On Mon, Jun 02, 2003 at 12:18:20AM -0400, Sally Caves wrote:
> > And while I agree with [that statement],
> ....that society first and foremost functions without art?

No, that humans are machines.   :)  You're correct, though,
that I was using a definition of art that was somewhat narrow.
Defined more broadly, as you have done, then there are definitely
utilitarian aspects of artistic behavior.

And, to contradict myself on the basis of having read more
information, it does appear that art may be as hard-wired as
language; some aspects of the Universal People discussed by Pinker
in _The_Language_Instinct_ are artistic.  For instance, just about
every society has poetry composed of three-second lines separated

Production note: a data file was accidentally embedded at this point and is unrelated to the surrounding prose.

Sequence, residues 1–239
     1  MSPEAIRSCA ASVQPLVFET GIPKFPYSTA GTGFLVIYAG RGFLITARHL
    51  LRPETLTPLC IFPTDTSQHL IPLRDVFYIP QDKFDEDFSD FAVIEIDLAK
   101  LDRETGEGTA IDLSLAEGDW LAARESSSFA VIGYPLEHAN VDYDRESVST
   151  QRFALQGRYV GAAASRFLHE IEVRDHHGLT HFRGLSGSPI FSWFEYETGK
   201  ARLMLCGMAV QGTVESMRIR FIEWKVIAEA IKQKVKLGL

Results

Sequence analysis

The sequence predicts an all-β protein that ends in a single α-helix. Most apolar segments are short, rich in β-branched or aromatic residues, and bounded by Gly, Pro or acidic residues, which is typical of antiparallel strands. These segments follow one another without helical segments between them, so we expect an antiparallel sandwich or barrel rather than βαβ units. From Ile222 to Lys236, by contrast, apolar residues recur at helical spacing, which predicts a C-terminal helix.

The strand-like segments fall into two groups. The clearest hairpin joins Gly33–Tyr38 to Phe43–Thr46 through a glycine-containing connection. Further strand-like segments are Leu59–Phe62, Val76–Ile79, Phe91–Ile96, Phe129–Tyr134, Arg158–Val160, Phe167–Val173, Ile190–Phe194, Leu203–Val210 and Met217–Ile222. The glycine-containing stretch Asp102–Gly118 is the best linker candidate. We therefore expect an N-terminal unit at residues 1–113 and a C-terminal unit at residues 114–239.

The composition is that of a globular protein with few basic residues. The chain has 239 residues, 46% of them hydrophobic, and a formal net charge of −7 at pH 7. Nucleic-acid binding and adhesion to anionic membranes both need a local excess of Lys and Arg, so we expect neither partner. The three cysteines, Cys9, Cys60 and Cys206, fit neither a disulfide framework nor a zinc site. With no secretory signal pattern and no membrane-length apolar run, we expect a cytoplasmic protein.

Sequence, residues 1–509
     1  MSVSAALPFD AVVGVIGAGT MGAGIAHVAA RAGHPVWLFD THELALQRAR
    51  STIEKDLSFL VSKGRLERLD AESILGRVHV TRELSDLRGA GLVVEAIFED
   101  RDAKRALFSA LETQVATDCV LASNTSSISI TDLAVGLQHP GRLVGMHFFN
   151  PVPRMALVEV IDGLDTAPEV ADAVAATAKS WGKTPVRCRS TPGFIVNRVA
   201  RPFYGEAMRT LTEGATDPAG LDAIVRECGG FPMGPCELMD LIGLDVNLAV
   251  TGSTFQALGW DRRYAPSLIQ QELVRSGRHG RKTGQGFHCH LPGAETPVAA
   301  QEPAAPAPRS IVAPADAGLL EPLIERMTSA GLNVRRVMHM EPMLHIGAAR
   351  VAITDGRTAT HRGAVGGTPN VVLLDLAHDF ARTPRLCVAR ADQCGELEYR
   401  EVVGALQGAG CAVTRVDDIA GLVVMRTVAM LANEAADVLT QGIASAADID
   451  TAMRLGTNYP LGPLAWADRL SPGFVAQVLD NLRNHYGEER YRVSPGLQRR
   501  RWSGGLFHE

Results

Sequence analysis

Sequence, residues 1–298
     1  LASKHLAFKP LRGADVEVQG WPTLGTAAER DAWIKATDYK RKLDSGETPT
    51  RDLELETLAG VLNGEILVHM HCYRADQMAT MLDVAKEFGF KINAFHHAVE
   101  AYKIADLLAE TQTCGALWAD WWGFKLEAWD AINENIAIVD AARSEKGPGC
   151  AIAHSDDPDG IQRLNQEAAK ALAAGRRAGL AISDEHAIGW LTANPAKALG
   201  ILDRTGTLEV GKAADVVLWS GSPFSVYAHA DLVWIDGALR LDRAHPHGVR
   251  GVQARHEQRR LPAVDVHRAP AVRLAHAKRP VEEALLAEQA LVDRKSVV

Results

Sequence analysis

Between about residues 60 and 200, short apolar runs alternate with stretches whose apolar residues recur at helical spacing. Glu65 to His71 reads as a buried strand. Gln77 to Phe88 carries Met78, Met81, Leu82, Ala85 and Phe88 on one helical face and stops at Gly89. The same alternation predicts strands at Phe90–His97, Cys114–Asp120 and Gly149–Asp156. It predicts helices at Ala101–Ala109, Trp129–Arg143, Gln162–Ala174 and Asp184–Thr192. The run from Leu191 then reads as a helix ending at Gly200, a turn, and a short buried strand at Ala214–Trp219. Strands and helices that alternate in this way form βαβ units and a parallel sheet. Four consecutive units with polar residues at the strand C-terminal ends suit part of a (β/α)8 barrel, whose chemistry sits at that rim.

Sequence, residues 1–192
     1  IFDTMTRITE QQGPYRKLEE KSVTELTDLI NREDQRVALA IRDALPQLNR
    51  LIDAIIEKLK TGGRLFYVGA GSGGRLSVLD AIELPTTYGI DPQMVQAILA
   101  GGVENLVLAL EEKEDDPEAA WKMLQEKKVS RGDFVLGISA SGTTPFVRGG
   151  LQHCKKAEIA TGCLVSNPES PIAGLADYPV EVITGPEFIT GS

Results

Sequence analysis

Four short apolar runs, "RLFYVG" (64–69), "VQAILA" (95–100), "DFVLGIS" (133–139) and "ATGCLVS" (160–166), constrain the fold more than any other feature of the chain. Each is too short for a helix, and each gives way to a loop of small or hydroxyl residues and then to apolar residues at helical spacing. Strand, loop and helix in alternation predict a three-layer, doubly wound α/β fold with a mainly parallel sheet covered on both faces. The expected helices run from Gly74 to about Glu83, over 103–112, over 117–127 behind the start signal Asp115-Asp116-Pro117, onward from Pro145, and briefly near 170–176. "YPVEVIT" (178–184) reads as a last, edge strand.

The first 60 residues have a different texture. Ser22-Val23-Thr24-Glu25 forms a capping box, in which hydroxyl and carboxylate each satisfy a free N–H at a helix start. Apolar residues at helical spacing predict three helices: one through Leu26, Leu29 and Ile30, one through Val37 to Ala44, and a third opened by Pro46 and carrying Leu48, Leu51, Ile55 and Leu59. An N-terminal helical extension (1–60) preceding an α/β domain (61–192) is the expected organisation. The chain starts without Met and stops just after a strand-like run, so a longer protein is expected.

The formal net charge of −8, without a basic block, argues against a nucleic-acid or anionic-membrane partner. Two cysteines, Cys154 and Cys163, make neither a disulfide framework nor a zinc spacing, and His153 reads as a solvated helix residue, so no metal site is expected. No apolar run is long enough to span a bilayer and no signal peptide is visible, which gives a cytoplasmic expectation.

by pauses.

> The original argument was whether artistic development came after linguistic
> development or developed with it.

Or before it.  The specific suggest I took issue with was that language
originated as a form of artistic expression.

> We have all agreed that we are in basic ignorance about this fact.
> I think one could argue safely that writing developed reasonably late.

Absolutely, but writing is distinct from language.  It is a wholly
learned skill, and as far as we can determine developed spontaneously
only a few times in human history, whereas language - either spoken or
signed - is universal.

> I would go further and say that [art] is probably as ancient in development
> as language is.

Perhaps.  I don't think it's necessarily more ancient, however.

Thank you for the discussion.  I will go back to my researches somewhat
chastened and try to avoid such bald statements in the future.  But I
still don't see language as being first art and later communication. :)